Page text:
Cover: "My Neighbor's Cat" (the print is hard to see)

Page 1: "My neighbor's cat comes to my house."

Page 2: "I like to pet my neighbor's cat."

Page 3: "My neighbor's cat almost came into my garage. My mom warned my dad."

Page 4: "My neighbor's cat is always messy."
(Can you see the mud puddle in the pic and the arrow showing the cat walked through the mud?)

Here is another story by one of my students. She wrote about her dog-and shocked me by writing this entire book all in one day! She did agree to go back and add some more details to her pictures and words though before moving on to her next book.

Cover: "My Dog"

Page 1: "My dog likes taking a bath. I make it overflow."
(Am I the only one who think that overflowing part is hilarious?
I love how you can even see the water spilling out of the tub in the picture)

Page 2: "My dog likes getting combed. I was trying to find him. I was surprised."
(Can you see all the labels she included in the picture?)

Page 3: "My dogs likes to lick me. I giggle."
(LOVE that she included a speech bubble of her laughing)

Page 4: "My dog likes playing with his toys."

These are 2 of my higher students, but even my more average and lower students have embraced book making and have done a great job. I promise to post some writing samples from some of my more struggling students later this week so you can see that too.

I encourage you all to be brave and shake up your writing workshop time as well-if there are changes you want to make just jump in and try it! If you're looking for resources to help with your writing workshop, these are some of my favorite books about writing with young students.


Monday, January 16, 2012

Snowman Shake

Here's a fun little game students can play to practice sight words (or alphabet letters for those kiddos that still need that). I got this great idea from another kindergarten teacher and my students love it. To play Snowman Shake, you need a snowman container, 2 blank dice, and the recording sheet.

The snowman is easy to make-just peel the label off a creamer bottle and draw the snowman's face on with a sharpie. If you can't find a creamer bottle or something similar to use, you could probably just draw a snowman onto a plastic cup for this game.

To make the dice-I used little foam cubes from Dollar Tree (I got a huge pack of them earlier this year and love that the foam makes such quiet dice). I have also used little wooden blocks from my classroom before to make my own dice since those blank dice at the teacher store can be pricey! Then, I just write the sight words (or alphabet letters if that is what my students are practicing) on the sides of the dice with a sharpie.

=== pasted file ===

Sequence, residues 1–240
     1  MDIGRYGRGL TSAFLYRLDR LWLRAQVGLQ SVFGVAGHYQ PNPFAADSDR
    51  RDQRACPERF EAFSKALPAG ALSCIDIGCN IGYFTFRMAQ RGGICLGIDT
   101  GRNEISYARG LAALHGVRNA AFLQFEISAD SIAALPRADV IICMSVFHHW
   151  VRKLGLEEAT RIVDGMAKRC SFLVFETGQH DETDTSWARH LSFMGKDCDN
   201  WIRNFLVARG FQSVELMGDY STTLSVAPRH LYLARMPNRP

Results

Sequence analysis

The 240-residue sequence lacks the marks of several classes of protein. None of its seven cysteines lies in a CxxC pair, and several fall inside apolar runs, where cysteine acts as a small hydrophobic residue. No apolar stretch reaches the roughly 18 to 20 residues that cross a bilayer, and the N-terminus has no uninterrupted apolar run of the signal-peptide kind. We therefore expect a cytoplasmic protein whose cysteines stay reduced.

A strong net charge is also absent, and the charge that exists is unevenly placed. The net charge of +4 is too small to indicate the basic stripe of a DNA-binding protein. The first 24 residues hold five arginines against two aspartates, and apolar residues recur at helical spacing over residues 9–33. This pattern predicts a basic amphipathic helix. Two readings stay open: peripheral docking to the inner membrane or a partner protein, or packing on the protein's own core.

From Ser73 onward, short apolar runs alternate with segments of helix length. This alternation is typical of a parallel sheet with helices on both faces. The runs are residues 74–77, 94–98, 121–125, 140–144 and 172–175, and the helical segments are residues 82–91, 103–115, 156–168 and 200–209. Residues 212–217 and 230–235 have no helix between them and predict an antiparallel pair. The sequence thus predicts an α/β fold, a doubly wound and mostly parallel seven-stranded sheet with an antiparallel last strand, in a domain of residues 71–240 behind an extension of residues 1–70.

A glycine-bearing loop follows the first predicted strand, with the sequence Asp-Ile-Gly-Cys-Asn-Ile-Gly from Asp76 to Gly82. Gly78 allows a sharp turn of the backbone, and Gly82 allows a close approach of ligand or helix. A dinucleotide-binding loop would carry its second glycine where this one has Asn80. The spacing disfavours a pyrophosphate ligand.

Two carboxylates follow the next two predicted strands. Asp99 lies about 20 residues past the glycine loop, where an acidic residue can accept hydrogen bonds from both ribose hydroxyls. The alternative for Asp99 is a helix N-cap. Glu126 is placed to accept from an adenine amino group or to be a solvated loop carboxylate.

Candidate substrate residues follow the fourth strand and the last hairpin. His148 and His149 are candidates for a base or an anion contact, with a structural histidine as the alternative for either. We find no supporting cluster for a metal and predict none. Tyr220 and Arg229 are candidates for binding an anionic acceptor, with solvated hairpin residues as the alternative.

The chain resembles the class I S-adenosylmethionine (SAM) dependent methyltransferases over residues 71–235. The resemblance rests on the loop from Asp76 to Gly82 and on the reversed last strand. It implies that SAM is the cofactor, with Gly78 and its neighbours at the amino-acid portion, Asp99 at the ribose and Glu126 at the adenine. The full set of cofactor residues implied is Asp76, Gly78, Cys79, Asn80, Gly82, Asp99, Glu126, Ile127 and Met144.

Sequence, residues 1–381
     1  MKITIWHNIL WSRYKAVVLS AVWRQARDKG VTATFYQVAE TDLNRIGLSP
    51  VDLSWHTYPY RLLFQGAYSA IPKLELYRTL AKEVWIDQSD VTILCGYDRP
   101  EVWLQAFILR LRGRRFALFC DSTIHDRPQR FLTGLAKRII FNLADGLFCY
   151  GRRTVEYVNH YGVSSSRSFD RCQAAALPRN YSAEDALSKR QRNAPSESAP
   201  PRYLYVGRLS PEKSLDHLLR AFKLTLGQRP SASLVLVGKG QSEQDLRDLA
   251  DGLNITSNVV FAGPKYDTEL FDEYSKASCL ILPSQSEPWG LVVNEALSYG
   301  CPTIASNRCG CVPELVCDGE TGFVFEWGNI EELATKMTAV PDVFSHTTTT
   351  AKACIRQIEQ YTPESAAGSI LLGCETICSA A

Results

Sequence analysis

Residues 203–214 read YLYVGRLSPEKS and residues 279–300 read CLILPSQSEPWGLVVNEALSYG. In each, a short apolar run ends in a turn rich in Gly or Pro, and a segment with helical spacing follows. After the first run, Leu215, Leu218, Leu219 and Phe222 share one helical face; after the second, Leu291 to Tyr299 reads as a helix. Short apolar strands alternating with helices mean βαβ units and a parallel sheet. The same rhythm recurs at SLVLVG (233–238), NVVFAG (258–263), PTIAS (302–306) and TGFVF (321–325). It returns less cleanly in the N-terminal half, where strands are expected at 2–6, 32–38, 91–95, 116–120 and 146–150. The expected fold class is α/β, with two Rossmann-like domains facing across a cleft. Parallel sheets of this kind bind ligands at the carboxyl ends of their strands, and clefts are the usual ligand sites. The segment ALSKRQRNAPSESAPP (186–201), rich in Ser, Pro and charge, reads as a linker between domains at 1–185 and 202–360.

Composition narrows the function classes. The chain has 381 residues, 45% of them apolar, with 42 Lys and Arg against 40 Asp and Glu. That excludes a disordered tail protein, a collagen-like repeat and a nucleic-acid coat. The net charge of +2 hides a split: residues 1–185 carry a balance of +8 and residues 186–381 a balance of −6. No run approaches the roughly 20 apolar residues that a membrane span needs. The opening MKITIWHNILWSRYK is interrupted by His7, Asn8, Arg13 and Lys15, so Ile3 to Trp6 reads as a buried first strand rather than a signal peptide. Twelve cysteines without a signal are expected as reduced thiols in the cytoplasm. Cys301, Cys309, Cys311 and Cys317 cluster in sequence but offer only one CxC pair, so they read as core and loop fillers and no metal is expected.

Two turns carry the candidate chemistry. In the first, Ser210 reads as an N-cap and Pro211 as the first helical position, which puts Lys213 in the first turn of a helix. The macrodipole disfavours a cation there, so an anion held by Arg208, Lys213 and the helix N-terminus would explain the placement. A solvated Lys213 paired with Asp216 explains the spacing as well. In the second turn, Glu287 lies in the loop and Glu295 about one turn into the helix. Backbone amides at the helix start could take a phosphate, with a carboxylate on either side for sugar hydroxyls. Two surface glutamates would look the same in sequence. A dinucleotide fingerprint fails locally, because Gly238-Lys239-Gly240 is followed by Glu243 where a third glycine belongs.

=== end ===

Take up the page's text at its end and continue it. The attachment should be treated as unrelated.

To play, students take off the snowman's hat (the lid) shake the 2 dice inside of the snowman and roll them into the little basket. Then they record the sight words they rolled on the recording sheet. Click on the picture below to grab a copy of this sight word freebie.

If you would prefer a copy of the recording sheet with alphabet letters click here. Or, for a blank copy of the recording sheet that you can write your own words on, click here.

I hope your students enjoy this game as much as mine do! Something about shaking up the dice inside the snowman makes this game endlessly appealing to 5 year olds! Even though we're now moving on from our study of all things winter and snow to begin learning about Martin Luther King and Chinese New Year, I'll leave this game out  as a literacy center for the rest of the month.

Tuesday, January 10, 2012

Sight Word Practice

Before I had teaching blogs and Pinterest to give me 101 classroom ideas...I have to admit that not all of my literacy center ideas were cute. I mean, this is before I even knew you could buy clipart...scary, I know!

So, this is the type of thing my kinders would find at our word work center:

Yes, it is as simple as the directions look. I put this sheet in a plastic tub with a magnetic dry erase board, a dry erase marker and eraser, a ziploc bag of magnetic letters, and a ziploc bag of notecards with sight words written on them.

Then, students would pick a sight word card out of the bag and follow the directions on the paper. For example, if they picked the word "the" they would then take the letters "t" "h" and "e" out of the bag of magnetic letters and do these steps on their magnetic dry erase board:

1. mix the letters "t" "h" and "e" up
2. make the word "the" from the magnetic letters
3. mix the letters again
4. make the word "the" again
5. use the dry erase marker to practice writing the word "the"

Then they would pick a new sight word card and repeat all over again for the new word. Really, it was that easy! Of course, now my students expect elaborate and creative games with darling little pictures all over them to match the current season...but sometimes I still make them play this game anyway!

Monday, January 9, 2012

Dollar Spot Deals!

If it costs a dollar...and they sell it at Target...then I just have to have it. Seriously-I cannot walk past that dollar section without putting at least one thing in my cart! They MUST have a teacher working for them developing these products-and I must be their targeted demographic because I just love the cute things I find there. Check out what I have found in the last few weeks (yes, I have some restraint, these items were bought on 2 separate trips!)